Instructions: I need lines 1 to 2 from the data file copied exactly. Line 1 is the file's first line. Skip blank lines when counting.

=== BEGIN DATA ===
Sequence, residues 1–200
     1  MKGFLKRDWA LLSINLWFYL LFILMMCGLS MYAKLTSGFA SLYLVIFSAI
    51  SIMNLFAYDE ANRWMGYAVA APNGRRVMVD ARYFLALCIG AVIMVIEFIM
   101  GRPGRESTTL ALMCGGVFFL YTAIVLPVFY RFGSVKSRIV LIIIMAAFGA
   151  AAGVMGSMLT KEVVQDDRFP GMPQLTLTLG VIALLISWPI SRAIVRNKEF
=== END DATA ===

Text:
Sequence, residues 1–200
     1  MKGFLKRDWA LLSINLWFYL LFILMMCGLS MYAKLTSGFA SLYLVIFSAI